Tag: postgres

Postgresql Replication Lag

Replication involves sending records from the master, receiving the record on the remote replica, writing the record on the remote replica, and flushing the record to persistent storage, and finally replaying the record. Replication lag can occur when a large amount of data hasn’t been fully replayed into the remote replica. Identifying ​where​ the lag occurs can help in rectifying the underlying problem.

select client_addr, usename, application_name, state, sync_state, (pg_wal_lsn_diff(pg_current_wal_lsn(),sent_lsn) / 1024)::bigint as PendingLag, (pg_wal_lsn_diff(sent_lsn,write_lsn) / 1024)::bigint as WriteLag, (pg_wal_lsn_diff(write_lsn,flush_lsn) / 1024)::bigint as FlushLag, (pg_wal_lsn_diff(flush_lsn,replay_lsn) / 1024)::bigint as ReplayLag, (pg_wal_lsn_diff(pg_current_wal_lsn(),replay_lsn))::bigint / 1024 as TotalLag FROM pg_stat_replication;

Commented to explain what each column means:

select client_addr , usename , application_name, state, sync_state,
    (pg_wal_lsn_diff(pg_current_wal_lsn(),sent_lsn) / 1024)::bigint as PendingLag,    -- The amount of WAL data that hasn't been sent ... check network stuff if lag persists
    (pg_wal_lsn_diff(sent_lsn,write_lsn) / 1024)::bigint as WriteLag,                 -- The amount of replayed log data that isn't applied  ... check iostat stuff if lag persists
    (pg_wal_lsn_diff(write_lsn,flush_lsn) / 1024)::bigint as FlushLag,                -- similar to write lag, and often these two numbers are high in conjunction
    (pg_wal_lsn_diff(flush_lsn,replay_lsn) / 1024)::bigint as ReplayLag,              -- The amount of log data that is waiting to be replayed ... check iostat stuff but could also be high CPU or memory utilization
    (pg_wal_lsn_diff(pg_current_wal_lsn(),replay_lsn))::bigint / 1024 as TotalLag     -- Basically a sum of the previous values
FROM pg_stat_replication;

Accessing Postgresql Server Through SSH Tunnel

Development servers can be accessed directly, but access to our production Postgresql servers is restricted. To use a SQL client from the VPN network, you need to connect through an SSH tunnel.

In the connection configuration for a database connect, click the “SSH” tab.

You can one-off configure an SSH tunnel for a connection, but the most efficient approach for setting up the SSH tunnel used to connect to all of our production databases is to create a tunnel profile. The profile lets you type connection info in one time and use it for multiple servers; and, when you need to update a setting, you only have one configuration set to update.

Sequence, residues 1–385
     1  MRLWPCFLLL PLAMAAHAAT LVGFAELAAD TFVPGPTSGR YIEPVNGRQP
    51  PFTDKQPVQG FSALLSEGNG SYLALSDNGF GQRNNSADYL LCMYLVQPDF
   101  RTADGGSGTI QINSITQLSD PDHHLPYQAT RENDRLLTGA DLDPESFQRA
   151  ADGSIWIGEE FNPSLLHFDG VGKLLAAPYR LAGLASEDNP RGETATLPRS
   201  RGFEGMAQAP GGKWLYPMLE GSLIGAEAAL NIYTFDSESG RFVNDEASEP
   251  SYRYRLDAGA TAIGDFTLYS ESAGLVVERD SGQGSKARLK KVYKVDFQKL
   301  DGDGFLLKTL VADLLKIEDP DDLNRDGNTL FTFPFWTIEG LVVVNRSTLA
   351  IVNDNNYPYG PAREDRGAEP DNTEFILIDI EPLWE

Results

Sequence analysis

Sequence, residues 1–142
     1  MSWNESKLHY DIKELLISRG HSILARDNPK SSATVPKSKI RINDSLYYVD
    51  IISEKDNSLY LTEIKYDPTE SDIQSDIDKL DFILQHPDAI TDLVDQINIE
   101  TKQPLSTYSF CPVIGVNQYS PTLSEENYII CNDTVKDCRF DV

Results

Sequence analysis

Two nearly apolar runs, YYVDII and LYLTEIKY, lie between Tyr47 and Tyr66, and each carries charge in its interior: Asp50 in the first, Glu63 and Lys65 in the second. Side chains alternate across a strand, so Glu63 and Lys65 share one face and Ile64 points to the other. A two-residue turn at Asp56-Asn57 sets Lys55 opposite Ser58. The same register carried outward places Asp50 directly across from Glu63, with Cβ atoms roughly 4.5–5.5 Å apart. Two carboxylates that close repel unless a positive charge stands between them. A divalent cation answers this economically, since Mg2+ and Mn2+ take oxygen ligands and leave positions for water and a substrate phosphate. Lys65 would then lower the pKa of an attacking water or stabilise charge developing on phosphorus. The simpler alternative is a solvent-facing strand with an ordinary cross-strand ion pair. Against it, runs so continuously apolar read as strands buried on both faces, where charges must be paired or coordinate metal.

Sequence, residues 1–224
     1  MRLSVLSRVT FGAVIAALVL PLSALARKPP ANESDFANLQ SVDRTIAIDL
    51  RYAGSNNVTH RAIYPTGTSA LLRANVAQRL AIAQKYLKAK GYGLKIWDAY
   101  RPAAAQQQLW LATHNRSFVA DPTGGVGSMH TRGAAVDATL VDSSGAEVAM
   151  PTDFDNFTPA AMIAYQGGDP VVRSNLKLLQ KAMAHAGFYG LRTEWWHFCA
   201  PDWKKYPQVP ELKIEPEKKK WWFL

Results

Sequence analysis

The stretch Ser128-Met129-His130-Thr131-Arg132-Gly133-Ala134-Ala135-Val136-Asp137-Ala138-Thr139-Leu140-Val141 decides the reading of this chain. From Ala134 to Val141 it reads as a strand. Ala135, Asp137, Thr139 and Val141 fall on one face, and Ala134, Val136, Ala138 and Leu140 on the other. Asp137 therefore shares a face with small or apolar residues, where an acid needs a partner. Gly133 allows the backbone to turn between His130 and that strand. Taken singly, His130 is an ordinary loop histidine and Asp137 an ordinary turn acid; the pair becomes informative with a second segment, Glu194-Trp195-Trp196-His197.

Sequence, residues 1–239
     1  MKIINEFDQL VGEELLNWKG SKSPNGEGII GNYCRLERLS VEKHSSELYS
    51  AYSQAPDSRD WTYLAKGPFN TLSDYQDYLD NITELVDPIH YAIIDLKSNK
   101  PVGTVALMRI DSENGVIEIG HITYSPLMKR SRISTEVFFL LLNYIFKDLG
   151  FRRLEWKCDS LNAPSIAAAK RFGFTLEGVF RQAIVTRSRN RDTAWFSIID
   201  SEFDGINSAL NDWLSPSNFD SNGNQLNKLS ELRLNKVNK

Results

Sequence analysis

To create a profile, click the pencil to the right of the profile drop-down box.

Under the “Network Profiles” section, click “Create” to create a new profile.

Give the profile a descriptive name and click “OK”.

Check the “Use SSH Tunnel” box, enter the hostname (one of the ETL dev boxes is a good choice in our case – ltrkarkvm553.mgmt.windstream.net. Supply the username for the connection. You can use password authentication or, if you have a key exchange set up for authentication, select public key authentication. Click “Apply and Close” to save the profile.

Your profile will appear in the profile drop-down – select the profile …

And all of the settings will pop in – they’re grayed out here, if you need to update the SSH tunnel profile settings, click the little pencil again.

 

PostgreSQL Sequences

I’m having a problem with a database refusing to change INSERTS to UPDATES on the ON CONFLICT condition — it insists that a ‘duplicate key value violates unique constraint’. A little time with a search engine tells me that sequences can get out of sync, and then you cannot insert items into the table. How do you know your sequence is out of sync?

SELECT NEXTVAL((SELECT PG_GET_SERIAL_SEQUENCE('"table_name"', 'name_of_column_with_sequence'))) as "NextValue", MAX("name_of_column_with_sequence") AS "Max Value" FROM "table_name";

So null seems like it would be a problem!

For future reference, when the next value is smaller than the max value in the table, the solution is to set the series value based on the max value

SELECT SETVAL((SELECT PG_GET_SERIAL_SEQUENCE('"table_name"', 'name_of_column_with_sequence')), (SELECT (MAX("name_of_column_with_sequence") + 1) FROM "table_name"), FALSE);